Oilers coach Kris Knoblauch defends scoreless star Leon Draisaitl

Kris Knoblauch defends Leon Draisaitl's play in the Stanley Cup Final (1:09)

Oilers head coach Kris Knoblauch deems it "vastly unfair" to say Leon Draisaitl is playing poorly in the Stanley Cup Final. (1:09)

EDMONTON, Alberta -- Edmonton Oilers coach Kris Knoblauch defended the play of center Leon Draisaitl, the playoffs' second-leading scorer who has yet to register a point in the Stanley Cup Final ahead of Saturday night's Game 4.

Draisaitl had 28 points in 18 games entering the Final. That included 10 goals, second on the team behind winger Zach Hyman (14). Draisaitl had not gone three straight games without a point this season.

"I've seen Leon obviously play better, but to say that he's playing poorly is vastly unfair. I think he's helping a lot," said Knoblauch, whose team trails the Florida Panthers 3-0 and faces elimination in Game 4.

Draisaitl is third on the team in shots on goal (9) and fourth in shot attempts (16) in all situations during the Stanley Cup Final. Although he has gotten chances on an Oilers power play that is now 0-for-10 in the series, he has generated just two shots on goal and four shot attempts at 5-on-5, where the Panthers are masterful defensively. He leads the team with 21 giveaways in all situations.

Florida hasn't allowed a 5-on-5 goal by the Oilers' top five scorers -- Draisaitl, Hyman, Connor McDavid, Ryan Nugent-Hopkins and Evan Bouchard -- in the series. The Panthers also held stars such as New York Rangers winger Artemi Panarin, Boston Bruins winger David Pastrnak and Tampa Bay Lightning winger Nikita Kucherov without a 5-on-5 goal in the playoffs leading up to the Final.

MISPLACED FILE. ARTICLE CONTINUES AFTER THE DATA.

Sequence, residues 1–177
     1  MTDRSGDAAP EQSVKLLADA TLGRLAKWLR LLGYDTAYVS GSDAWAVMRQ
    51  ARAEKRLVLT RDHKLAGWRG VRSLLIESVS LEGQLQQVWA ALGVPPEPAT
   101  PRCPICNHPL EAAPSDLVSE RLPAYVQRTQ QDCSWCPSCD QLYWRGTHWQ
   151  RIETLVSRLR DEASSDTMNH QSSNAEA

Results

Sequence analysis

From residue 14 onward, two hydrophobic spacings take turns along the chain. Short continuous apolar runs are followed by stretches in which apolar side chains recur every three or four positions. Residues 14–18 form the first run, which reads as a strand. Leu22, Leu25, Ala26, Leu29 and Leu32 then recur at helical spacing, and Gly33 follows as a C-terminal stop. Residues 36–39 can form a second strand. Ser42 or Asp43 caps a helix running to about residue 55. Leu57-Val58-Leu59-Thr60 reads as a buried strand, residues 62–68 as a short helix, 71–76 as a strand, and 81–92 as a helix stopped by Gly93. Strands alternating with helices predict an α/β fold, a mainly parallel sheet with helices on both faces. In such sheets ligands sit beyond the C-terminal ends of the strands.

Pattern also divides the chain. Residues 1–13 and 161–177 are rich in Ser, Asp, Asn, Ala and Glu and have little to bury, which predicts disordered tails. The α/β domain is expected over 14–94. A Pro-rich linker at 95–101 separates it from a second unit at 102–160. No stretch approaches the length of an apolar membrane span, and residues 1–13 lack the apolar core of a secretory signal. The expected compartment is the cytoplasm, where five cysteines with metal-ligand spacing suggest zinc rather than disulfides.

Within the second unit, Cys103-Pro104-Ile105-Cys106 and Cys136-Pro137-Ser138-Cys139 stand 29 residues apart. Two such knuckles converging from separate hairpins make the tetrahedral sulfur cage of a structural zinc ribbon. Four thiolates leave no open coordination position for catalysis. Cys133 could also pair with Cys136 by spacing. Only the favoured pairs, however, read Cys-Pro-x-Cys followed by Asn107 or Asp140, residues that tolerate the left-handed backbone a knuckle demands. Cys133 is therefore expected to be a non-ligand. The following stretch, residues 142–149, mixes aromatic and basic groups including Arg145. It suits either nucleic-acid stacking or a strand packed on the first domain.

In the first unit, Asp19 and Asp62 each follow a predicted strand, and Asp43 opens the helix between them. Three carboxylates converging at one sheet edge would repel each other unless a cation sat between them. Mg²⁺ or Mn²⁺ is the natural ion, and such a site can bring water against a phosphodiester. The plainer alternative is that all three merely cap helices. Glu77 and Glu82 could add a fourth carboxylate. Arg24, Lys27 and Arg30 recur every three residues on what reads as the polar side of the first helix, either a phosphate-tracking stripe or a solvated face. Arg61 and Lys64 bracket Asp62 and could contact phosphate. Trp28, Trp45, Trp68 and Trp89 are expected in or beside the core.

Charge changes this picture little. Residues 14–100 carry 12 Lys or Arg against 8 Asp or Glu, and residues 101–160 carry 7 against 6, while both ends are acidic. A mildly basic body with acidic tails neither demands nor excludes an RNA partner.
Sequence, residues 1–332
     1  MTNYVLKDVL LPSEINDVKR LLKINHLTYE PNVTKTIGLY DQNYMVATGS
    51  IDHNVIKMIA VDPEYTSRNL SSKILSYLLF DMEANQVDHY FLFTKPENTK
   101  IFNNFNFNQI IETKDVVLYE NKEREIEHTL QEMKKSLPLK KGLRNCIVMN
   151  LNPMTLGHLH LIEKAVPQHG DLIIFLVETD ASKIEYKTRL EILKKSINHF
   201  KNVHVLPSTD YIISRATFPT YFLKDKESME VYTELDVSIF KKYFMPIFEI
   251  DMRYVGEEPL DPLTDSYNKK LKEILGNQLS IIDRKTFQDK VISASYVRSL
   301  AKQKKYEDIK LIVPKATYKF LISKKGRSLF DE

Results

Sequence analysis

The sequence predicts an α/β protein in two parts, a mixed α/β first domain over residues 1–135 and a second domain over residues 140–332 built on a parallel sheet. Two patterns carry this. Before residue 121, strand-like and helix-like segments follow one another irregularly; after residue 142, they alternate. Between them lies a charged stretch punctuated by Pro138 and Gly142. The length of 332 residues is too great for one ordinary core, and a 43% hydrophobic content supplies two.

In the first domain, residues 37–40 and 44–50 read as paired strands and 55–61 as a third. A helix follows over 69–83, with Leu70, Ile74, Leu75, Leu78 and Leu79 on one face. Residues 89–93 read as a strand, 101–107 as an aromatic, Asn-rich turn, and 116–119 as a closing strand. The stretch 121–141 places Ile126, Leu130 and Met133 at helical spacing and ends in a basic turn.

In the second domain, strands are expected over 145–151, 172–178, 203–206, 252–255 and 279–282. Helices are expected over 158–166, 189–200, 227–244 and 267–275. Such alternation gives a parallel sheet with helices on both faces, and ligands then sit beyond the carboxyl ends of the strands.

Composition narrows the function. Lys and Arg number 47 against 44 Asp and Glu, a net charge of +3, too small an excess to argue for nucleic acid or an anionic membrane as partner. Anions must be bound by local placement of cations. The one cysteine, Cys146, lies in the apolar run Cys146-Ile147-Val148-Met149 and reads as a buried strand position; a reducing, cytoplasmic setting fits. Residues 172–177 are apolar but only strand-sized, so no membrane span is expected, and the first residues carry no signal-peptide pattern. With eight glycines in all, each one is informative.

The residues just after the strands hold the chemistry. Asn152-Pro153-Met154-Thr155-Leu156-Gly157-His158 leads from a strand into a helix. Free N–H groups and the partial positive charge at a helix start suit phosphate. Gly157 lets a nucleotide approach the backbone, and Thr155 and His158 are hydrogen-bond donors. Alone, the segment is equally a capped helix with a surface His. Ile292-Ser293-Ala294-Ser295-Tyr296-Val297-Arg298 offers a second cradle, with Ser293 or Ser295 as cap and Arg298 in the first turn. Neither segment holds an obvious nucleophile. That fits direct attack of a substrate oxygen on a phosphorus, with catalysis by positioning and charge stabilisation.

Draisaitl, who was robbed by goalie Sergei Bobrovsky on a sliding save in Game 3, was critical of his own performance after the Oilers' latest loss.

"It's very frustrating, of course. I pride myself on being good in the playoffs and playing well, and I just can't seem to get anything going. Obviously have to look in the mirror and try to be better," he said.

Knoblauch said that even if Draisaitl isn't scoring, he is helping the team. The coach noted that the center was the catalyst for Ryan McLeod's third-period goal in Game 3 even though he didn't notch an assist on the play.

"It's not too often Leon's held off the score sheet like he has been, but I think he has been contributing," Knoblauch said. "He doesn't hide anything. He doesn't make excuses. So often players make excuses like, 'Well, things haven't gone well because of this and I've been unfortunate,' all that, but Leon takes a lot of responsibility. He's been pretty good from pretty much every game that I've seen him."

The Oilers are convinced they have been better than pretty good in the Stanley Cup Final despite their deficit. The chatter leading up to Game 4 has been about how they have outplayed the Panthers.

"We feel like we've held the play for the majority of the series. I think this makes the situation we're in less daunting," forward Connor Brown said. "The unique thing about our club over the year, we've shown, when we are backed into a corner, that's when we feel more comfortable and that's when we seem to play our best."

To get into that rally mindset, former defenseman Duncan Keith spoke to the Oilers after their Game 3 loss, attempting to inspire them by sharing his own comeback story -- when his Chicago Blackhawks rallied from a 3-0 deficit against the Vancouver Canucks in the 2011 Western Conference quarterfinals to force a Game 7.

"He was talking to the players. Nothing formal, just going around," Knoblauch said. "When you have a good team, a lot of good players who believe, things can happen."

The Blackhawks would lose to the Canucks in overtime in Game 7 and were eliminated from the playoffs.